Friday, August 21, 2009

GM corn

Anti GM mural from Mexico taken by one of my BYU profs.

The bigger fear should be the loss of diversity, not because of genetically modified grain, but from hybrids and improved varieties.

The complicating factor is that hybrids can outyield old landraces by so much that as a farmer I would want the elite hybrid, even though the old landrace has more genetic diversity, because farming is a business. And more yields = more money. Genetically modified corn is also much less work to grow. Roundup is easy to spray. It breaks down quickly in the soil and sun and has a low toxicity. Weeding mechanically takes a lot more time and labor. BT and other disease resistance genes make it easier to get reliable yields without having to spray for borers and other caterpillars that eat corn. You still have to spray for other bugs. That equates to more time not taking care of corn.

I worry about the loss of genetic diversity. I worry about the loss of small farmers.

Yet still I am a corn breeder. I don't think we should go back to landraces that yield less than 100 bushels per acre on the very best ground. The question to me is how do we continue to increase past 200 bushel an acre corn yields and not decrease genetic diversity. How to do that and support local and small farmers. How to do that and make farming profitable and sustainable as a lifestyle and a part of our environment.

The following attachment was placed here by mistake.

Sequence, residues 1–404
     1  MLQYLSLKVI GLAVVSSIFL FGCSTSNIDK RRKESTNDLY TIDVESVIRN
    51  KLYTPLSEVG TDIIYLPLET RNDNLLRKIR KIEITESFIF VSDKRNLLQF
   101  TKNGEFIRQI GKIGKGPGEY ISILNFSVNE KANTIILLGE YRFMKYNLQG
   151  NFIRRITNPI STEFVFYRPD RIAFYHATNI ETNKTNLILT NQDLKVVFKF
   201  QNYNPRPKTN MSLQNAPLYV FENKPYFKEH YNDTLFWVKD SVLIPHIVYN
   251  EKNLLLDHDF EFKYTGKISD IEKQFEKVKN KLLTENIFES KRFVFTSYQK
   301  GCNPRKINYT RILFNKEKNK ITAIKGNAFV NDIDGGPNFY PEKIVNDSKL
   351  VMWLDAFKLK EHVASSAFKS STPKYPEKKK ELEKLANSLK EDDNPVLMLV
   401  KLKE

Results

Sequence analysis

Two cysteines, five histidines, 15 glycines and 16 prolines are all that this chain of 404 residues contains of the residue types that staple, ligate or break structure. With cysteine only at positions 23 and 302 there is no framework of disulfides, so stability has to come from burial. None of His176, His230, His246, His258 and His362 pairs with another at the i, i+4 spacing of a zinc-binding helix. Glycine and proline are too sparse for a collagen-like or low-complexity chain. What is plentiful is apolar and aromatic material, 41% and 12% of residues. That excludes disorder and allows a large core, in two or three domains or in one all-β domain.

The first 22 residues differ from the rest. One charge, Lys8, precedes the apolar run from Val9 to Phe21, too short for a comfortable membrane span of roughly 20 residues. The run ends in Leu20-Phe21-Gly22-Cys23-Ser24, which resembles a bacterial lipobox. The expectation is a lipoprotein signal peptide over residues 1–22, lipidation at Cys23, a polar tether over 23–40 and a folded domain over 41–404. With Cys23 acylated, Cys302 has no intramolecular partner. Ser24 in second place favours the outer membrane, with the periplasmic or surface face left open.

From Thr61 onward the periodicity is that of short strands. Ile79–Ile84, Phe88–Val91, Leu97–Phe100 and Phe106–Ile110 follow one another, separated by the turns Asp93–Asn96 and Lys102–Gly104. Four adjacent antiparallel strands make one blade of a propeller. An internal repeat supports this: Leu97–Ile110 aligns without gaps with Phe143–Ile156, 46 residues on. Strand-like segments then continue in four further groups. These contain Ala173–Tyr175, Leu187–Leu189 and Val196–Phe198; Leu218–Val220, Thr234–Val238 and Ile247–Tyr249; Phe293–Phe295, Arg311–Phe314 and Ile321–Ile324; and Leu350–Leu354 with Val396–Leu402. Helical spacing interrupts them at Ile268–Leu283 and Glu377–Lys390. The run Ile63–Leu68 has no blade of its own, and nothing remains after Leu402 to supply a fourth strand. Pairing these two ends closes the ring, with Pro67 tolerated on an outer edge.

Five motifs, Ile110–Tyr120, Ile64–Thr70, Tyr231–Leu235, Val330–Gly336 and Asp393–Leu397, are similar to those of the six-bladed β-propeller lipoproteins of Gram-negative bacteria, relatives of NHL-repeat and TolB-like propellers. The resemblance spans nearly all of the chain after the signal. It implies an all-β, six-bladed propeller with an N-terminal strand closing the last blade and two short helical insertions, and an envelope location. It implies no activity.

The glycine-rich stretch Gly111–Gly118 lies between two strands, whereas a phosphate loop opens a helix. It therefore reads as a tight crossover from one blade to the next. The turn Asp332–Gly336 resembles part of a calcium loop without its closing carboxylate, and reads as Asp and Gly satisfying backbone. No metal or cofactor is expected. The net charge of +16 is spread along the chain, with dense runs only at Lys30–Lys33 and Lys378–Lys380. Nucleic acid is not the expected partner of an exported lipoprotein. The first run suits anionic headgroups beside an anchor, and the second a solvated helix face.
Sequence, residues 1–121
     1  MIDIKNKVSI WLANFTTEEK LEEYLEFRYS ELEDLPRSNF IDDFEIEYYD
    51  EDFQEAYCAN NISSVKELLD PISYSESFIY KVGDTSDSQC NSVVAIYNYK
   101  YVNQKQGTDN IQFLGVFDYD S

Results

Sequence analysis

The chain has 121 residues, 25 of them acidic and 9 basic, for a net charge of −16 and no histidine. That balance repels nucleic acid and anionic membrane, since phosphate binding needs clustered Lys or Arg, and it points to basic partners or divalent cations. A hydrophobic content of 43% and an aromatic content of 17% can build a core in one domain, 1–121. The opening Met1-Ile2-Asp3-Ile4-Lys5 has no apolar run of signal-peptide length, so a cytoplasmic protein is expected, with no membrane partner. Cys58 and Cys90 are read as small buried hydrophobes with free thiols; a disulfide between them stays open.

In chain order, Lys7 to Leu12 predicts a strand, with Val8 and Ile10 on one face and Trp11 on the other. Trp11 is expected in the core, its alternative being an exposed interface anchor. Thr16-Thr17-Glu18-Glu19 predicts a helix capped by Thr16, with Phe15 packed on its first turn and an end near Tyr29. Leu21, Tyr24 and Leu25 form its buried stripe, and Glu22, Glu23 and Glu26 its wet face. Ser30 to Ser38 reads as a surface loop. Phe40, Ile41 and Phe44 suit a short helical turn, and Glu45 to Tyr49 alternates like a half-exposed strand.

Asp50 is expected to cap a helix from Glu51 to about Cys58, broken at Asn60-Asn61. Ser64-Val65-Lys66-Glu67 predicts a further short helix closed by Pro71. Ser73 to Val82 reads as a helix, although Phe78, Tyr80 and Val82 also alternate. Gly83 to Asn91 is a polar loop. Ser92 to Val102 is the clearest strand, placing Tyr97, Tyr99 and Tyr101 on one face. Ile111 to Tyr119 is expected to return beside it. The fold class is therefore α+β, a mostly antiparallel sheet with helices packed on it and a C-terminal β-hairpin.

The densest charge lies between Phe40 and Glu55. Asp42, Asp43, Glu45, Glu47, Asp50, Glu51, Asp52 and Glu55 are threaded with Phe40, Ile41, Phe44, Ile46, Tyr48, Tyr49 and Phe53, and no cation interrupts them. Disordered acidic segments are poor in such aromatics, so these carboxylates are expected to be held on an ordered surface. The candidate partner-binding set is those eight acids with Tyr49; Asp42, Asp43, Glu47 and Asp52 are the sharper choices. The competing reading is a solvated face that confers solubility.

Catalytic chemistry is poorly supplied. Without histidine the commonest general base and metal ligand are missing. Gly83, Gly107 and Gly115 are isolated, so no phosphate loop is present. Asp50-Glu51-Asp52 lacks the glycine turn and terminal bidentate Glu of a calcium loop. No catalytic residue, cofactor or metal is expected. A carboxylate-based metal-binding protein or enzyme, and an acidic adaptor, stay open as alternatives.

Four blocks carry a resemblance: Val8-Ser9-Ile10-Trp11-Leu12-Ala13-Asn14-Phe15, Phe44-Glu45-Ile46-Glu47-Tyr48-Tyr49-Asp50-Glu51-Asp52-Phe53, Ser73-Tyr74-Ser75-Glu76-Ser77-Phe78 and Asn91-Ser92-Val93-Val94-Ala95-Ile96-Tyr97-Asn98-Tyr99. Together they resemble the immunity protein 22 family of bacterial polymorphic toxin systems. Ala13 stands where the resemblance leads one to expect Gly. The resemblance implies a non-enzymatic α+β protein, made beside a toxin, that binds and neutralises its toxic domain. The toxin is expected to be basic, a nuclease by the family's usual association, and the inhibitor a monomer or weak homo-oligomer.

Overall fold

Saturday, August 15, 2009

Research related

With all of the changes at my new job I am spending way more time thinking and reading scientific literature than I have in a long time. (I am typing this with one hand because I am bouncing a fussy baby with the other, impressive, no?)

Web and book finds:

Analysis of messy data
by George A Milliken, PH.D., Dallas E Johnson, Milliken A Milliken

I will quote the insightful reviewer from Alibris, Drpopcorn (That is me by the way!):
"Johnsen and Milliken have assembled in these three volumes clear advice on how to handle real world data. No other statistical textbooks come close to the practicality of these three volumes. The others sit on the shelf after the statistical coursework is over; you might as well sell them back and take the few bucks and go out to eat. These though should be carted around from job to job long after college courses are done. They cost a fortune, but they are worth it."


Facebook for real nerds. None of the stupid quizzes or constant updates, just what research papers people are reading. They have desktop software that organizes your pdfs and keeps track of bibliographies like endnote, but it is free as long as you realize they are gathering info on your reading habits and presumably selling it to someone that cares. The software lets you annotate pdf files with questions, highlights, and comments. It also will insert bibliographies into Word for you. I love it. I wish I had it years ago.

my new prescription safety glasses. I have looked at every glasses store in the greater Des Moines area and these were the best that I could find.

Leila and the baby.

Emily wearing my work hat.